WASHINGTON, D.C. — Today, Senate Committee on Indian Affairs Chairman John Barrasso (R-WY) delivered the following address to the National Indian Education Association.
Barrasso’s remarks focused on the work the committee has done on Indian education and on legislation he will introduce to reform and modernize the Bureau of Indian Education.
Senator Barrasso’s Remarks as Prepared for Delivery:
“Good Morning. I want to give a special welcome to all the members of the National Indian Education Association, and to all the tribal leaders here today.
“I want to thank NIEA President Patricia Whitefoot for inviting me to speak with you today, and to open your annual legislative conference.
“I also want to thank of each of you for your commitment to Indian education issues.
“The National Indian Education Association plays an important role in advocating for the needs of Indian students, and I thank you all for that.
“It has been my honor to serve as chairman of the Senate Committee on Indian Affairs during the past year.
“I have had the privilege of working with Senators from both sides of the aisle who are dedicated to helping people across Indian Country.
“Over the last year, we have been busy. We have passed 31 pieces of legislation out of our committee, including six that have been signed into law.
“Important Indian education amendments were included in the “Every Child Achieves Act” – the education reform law. These included authorizing grant programs for teacher trainings.
“The law also empowered tribes to be able to apply for competitive education grants previously only available to state education agencies.
“We’ve held 27 hearings on important topics such as economic development, youth suicides, addiction, Indian health, juvenile justice, gaming, the safety of tribal roads, and many more.
“We also wanted to get out of Washington and into Indian Country. So we held four field hearings in Wyoming, Montana, Oklahoma, and Alaska.
“Last May, we held an oversight hearing that examined the organizational challenges facing the Bureau of Indian Education.
“The BIE school system includes 183 elementary and secondary schools and dormitories, and serves about 48,000 students.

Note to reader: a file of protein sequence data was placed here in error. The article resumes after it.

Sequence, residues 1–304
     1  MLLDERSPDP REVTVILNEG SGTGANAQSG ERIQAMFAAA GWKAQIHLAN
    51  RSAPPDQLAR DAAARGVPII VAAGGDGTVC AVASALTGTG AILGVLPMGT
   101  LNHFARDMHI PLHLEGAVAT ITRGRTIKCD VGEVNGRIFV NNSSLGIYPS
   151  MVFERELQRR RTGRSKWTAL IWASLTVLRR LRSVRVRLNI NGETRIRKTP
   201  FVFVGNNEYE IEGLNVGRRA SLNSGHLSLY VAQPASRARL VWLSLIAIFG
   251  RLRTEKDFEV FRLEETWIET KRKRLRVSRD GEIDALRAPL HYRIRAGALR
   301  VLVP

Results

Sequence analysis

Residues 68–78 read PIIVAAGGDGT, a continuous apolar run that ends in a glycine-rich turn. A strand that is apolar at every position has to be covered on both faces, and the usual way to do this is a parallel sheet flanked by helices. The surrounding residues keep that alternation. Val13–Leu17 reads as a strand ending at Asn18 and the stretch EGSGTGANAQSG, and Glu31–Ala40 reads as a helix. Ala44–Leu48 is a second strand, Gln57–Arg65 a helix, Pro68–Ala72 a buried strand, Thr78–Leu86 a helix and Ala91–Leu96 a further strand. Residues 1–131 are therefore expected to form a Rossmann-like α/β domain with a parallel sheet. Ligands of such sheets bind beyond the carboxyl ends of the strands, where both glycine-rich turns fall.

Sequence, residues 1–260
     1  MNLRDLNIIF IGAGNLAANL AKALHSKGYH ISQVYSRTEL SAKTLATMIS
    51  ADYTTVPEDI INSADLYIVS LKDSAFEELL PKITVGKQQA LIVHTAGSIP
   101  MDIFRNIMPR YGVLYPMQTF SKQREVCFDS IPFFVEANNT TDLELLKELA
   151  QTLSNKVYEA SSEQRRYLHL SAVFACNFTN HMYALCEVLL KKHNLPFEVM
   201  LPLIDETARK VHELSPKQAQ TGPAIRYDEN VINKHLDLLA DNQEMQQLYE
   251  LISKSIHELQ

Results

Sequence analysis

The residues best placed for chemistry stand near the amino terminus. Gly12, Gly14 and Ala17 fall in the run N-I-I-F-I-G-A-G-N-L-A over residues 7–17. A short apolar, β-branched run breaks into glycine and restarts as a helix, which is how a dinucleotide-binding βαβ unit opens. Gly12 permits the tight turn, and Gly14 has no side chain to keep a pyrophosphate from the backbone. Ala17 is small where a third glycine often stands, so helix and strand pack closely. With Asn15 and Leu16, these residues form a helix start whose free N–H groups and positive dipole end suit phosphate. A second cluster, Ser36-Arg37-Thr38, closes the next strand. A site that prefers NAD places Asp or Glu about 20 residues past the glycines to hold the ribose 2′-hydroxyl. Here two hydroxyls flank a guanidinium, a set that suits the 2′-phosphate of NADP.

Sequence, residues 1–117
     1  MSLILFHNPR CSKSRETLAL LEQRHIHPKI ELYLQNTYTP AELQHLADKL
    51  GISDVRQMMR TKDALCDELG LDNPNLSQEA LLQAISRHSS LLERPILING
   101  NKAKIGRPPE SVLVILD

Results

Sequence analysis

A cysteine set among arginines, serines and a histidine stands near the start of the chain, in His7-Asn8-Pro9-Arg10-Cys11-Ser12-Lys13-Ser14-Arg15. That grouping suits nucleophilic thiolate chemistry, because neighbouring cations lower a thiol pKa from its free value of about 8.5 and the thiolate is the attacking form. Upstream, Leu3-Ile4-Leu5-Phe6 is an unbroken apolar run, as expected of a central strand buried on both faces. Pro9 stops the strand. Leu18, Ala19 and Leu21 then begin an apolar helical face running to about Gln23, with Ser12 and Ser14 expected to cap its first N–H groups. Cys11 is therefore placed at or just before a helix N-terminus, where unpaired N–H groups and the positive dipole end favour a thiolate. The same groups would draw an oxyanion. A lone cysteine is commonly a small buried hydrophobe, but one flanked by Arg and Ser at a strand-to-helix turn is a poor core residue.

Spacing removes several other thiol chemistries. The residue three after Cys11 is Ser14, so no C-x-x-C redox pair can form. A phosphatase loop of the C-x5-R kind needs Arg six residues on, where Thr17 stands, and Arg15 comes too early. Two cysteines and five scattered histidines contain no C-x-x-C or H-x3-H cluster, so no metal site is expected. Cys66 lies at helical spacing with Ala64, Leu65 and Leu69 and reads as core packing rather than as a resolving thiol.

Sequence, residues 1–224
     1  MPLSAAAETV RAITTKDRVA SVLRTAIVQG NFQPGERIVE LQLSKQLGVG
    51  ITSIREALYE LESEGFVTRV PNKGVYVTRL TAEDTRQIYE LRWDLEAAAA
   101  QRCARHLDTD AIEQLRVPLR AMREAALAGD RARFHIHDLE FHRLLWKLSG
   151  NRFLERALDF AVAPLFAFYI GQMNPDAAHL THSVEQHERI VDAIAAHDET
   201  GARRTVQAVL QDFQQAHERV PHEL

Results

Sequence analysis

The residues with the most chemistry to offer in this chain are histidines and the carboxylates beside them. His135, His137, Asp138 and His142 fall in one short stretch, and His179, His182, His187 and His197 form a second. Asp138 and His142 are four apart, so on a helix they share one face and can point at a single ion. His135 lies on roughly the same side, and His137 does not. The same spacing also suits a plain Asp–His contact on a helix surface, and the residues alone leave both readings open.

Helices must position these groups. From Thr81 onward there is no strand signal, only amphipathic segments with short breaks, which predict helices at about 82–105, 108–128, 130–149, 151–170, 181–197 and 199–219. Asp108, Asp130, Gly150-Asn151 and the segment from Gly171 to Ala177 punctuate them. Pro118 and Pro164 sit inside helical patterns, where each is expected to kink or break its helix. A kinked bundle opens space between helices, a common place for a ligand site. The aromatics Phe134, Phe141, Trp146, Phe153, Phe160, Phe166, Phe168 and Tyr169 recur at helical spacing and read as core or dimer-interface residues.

“We heard testimony that the bureaucracy at the Department of the Interior and the Bureau of Indian Affairs has created administrative and staffing problems for schools.
“We heard that BIE needs to be more accountable and better organized. Across the country, BIE schools are crumbling and need repair.
“The BIE has languished under the umbrella of the Bureau of Indian Affairs.
Red tape and a confusing bureaucracy have made it almost impossible to improve schools.
“Leadership at the BIE has been just as much of a challenge for tribes – there have been 33 directors in the past 36 years.
“The BIA is not an agency equipped to run schools – and it has failed the students of Indian Country.
“Only 53 percent of students graduate from BIE high schools, compared to 67 percent of Indian students at public schools. We must do better.
“That’s why I’ve introduced legislation this week to modernize and reform the Bureau of Indian Education, and to give it the tools to truly make changes.
“My bill is called the Reforming American Indian Standards of Education Act, or “RAISE” Act.
“It would streamline the Bureau of Indian Education into an independent agency under the Department of the Interior.
“This will make the bureau more accountable, more transparent and more capable of meeting the needs of Indian students across the country.
“This new agency within the Department of Interior would be headed up by a Senate-confirmed director.
“It will have direct access to the secretary, and direct accountability to Indian County.
“Together, the team of directors will be responsible to oversee the administration, curriculum, and facilities management of BIE schools.
“Tribes will have a place to voice concerns about their local schools, and they’ll have a leadership team that they can hold accountable.
“This new system will also help strengthen government-to-government relationships with tribes.
“This would not be the first time that Congress made a federal school system autonomous.
“This approach has been successful at the Department of Defense, and it can work at the BIE.
“The Bureau of Indian Education needs change, and it needs clarity. The RAISE Act will help get this done.
“I am asking the National Indian Education Association for its support of the RAISE Act.
“Together we can work to address the issues at the BIE and help students in classrooms across Indian Country.
“This is an important issue – we cannot let Washington’s bureaucracy stand in the way any longer.
“Thank you again for inviting me to come speak with you today. Have a wonderful conference.”